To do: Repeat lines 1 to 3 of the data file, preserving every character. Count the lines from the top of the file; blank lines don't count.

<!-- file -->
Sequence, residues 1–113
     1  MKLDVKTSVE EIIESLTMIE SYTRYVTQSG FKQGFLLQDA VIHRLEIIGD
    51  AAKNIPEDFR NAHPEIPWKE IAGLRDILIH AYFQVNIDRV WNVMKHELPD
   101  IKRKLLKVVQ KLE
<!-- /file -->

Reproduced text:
Sequence, residues 1–113
     1  MKLDVKTSVE EIIESLTMIE SYTRYVTQSG FKQGFLLQDA VIHRLEIIGD
    51  AAKNIPEDFR NAHPEIPWKE IAGLRDILIH AYFQVNIDRV WNVMKHELPD